TRUSTS FOR PETS
It was perhaps
fifteen years ago that our office had to advise a client that her beloved
dog, who she felt had saved her life in a fire, could not necessarily be
the recipient of a trust to care for her after her own death. Our client
had just been diagnosed with terminal cancer, knew she had less than a
year to live, and was outraged.
“My dog has
been closer and more caring to me than my own children and you are
telling me the law does not recognize my right to care for her until her
We explained that
the courts had mixed verdicts on that issue, with some judges feeling that
it was inappropriate for the court to intervene to try to enforce trust
provisions protecting animals.
“Why not? If
I want my money to protect my closest friend, why should the court
discriminate against me…and my pet? Am I to die knowing that there is
no way to safeguard my dog’s care for the rest of her short
life?” She was almost in tears.
That was why we
were delighted when the California legislature passed specific provisions
providing for the legality and enforceability of trusts created to protect
animals. That law, and some common sense provisions that one should
consider, are the theme of this article.
California Probate Code section 15212 was enacted in 1991 and authorizes trusts for
pets. Prior to 1991 in California courts had been reluctant to declare that these
types of trusts were valid. These Trusts are subject, generally, to the
same law and requirements of standard trusts. See our article on
Wills and Trusts.
The section reads:
A trust for the care of a designated domestic
or pet animal may be performed by the trustee for the life of the animal
whether or not there is a beneficiary who can seek enforcement or
termination of the trust and whether or not the terms of the trust
contemplate a longer duration.
It may be noted that
the complex reason for the precise wording relates to the Rules of
Perpetuity which is an antique but still applicable law that provides
that a trust provision is void if it cannot be performed within a
specified period of time based on human lives in being. This statute
allows the trust to exist regardless of that Rule and, further,
implicitly allows such a trust to be enforceable. No longer can the
courts question whether such a provision is legal.
On its face, it
would appear that the task of creating appropriate provisions is not
difficult. A standard trust could be created, either in the will
(testamentary) or while living (intervivos) and that trust can provide
that a trust will be established for the care of the pet, and a specified
amount of money will be used by the
trustee for the care, feeding, and health care of the pet for the
remainder of its life. The article
linked above will provide the various details.
But, in reality,
there are unique issues to be confronted and the person wishing to
protect a pet must confront them or may waste time and money creating a
trust that is, practically speaking, of little help.
For example, in
most trusts we have a human beneficiary who, if the trustee acts
improperly, may go to court to complain and even sue the trustee for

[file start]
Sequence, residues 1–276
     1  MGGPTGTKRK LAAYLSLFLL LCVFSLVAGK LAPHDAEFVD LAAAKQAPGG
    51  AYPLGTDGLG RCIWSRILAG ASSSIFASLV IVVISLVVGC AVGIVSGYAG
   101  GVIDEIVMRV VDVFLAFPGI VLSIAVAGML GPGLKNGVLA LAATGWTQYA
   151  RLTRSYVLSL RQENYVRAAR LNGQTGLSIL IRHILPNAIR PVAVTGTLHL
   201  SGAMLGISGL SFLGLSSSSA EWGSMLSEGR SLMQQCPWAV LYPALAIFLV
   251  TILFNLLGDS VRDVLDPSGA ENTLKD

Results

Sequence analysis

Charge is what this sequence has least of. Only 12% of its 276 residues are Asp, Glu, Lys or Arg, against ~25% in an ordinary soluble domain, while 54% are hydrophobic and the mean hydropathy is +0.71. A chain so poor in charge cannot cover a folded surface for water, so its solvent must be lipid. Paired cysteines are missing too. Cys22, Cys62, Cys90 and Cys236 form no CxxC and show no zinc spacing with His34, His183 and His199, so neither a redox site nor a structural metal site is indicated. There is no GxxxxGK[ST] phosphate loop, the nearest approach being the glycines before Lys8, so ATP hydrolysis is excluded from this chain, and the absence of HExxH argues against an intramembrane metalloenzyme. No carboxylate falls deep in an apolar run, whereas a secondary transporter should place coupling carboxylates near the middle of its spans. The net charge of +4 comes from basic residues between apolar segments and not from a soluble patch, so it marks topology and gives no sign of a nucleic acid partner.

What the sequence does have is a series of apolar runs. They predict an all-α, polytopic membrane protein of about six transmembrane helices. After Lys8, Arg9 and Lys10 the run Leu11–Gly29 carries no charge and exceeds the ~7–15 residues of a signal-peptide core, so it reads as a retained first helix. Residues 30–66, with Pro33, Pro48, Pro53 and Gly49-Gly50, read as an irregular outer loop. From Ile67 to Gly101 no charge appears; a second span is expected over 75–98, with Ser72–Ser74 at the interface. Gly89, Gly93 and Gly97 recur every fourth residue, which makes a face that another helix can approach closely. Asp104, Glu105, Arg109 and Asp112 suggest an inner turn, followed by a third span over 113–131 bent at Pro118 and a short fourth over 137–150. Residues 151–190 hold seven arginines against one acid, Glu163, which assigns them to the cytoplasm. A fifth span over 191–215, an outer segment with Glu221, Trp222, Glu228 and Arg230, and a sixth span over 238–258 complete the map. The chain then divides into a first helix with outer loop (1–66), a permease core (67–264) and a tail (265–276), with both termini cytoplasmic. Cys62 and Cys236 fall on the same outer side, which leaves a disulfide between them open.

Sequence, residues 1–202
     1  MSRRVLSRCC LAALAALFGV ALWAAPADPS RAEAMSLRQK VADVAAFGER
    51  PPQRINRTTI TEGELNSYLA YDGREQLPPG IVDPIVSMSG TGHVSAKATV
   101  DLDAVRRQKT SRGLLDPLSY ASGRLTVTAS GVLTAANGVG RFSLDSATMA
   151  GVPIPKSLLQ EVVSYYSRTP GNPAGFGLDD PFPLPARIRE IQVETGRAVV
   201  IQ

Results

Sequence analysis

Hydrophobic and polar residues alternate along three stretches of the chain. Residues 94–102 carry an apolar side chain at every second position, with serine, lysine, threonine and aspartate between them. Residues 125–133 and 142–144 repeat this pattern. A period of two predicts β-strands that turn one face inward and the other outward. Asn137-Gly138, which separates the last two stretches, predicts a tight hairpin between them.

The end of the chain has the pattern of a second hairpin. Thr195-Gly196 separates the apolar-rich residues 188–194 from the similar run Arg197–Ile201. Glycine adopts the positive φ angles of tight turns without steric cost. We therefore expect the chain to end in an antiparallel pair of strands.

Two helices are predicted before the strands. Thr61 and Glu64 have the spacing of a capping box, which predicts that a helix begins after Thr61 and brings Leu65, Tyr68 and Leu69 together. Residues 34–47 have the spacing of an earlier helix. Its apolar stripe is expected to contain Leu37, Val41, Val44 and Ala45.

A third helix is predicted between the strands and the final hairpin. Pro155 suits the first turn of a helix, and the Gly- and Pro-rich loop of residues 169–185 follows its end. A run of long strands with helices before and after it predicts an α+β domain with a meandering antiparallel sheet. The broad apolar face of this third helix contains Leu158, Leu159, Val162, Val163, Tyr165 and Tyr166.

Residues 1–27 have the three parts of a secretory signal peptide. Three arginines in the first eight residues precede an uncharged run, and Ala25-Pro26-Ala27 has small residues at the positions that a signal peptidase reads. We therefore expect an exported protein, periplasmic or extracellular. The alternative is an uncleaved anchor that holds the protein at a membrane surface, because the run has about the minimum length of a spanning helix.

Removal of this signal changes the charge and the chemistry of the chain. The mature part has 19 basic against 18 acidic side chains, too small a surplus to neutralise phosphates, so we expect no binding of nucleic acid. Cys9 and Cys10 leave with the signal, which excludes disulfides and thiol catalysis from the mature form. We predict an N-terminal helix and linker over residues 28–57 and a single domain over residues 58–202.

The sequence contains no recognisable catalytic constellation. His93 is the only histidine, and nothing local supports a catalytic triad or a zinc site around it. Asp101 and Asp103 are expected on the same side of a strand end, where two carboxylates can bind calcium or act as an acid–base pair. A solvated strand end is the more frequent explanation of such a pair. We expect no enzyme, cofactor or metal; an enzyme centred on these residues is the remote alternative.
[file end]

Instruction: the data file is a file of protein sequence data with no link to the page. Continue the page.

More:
breach of fiduciary duty.
Who speaks for the
pet? If the trustee or a successor trustee takes some of the money or
neglects his or her duties, who is there to complain to the court?
Many of our clients
simply assume that a friend or relative, if made the trustee, can be
expected to perform the duties and this is not a great danger. What they
forget is that the trustee, himself, can become ill or die in which case
the successor trustee or even the successor to the successor trustee may
be appointed and may care little for the pet or the duties.
One of our clients
left a living trust for a parrot, who, one may note, may live up to a
hundred years and clearly had at least thirty years of life left. When
her sister died three years after she did, the nephew was the successor
trustee but he was in the army, moved around quite a bit, and the bird
soon was neglected and left with an even younger nephew who was
irresponsible. Luckily, a more distant relative, visiting, saw the bird
and contacted the writer and we were able to work out a method to have
the bird cared for by a professional “bird sitter” but the
point made is that unless the Trustor creates some type of human
oversight of the trustee, the trust may be useless.
Another issue is
the remainder man: what happens to the money after the death of the pet
and, too often we see pets left in the care of the very remainder men who
achieve access to the money if the pet dies. That is a provision that
could be very dangerous for the life of the pet.
It is imperative to
think long and hard about the terms and the methods for creating such a
trust and there are safe alternatives available if time and trouble is
taken to create them.
Or, as one of our
clients commented a little sadly, “I am putting more trouble into
creating this trust than I had to for my own children. It’s because
my cat cannot protect itself, of course…but it does feel
Odd, perhaps, but
necessary if you are to allow your beloved animal to enjoy the remaining
years of its life.
Another approach to
lifetime care for pets would be to give the pet to a friend, and also
give the friend a cash bequest. This would allow the trust to be closed
prior to the death of the pet, but also has a risk that the friend would not be legally
obligated to pay for the pet's care. Further, if the friend dies or is
disabled, there is no one appointed to take his or her place.
Our office thus
normally recommends a trust and the reader is advised to consider carefully
the terms of the trust keeping the factors above in mind.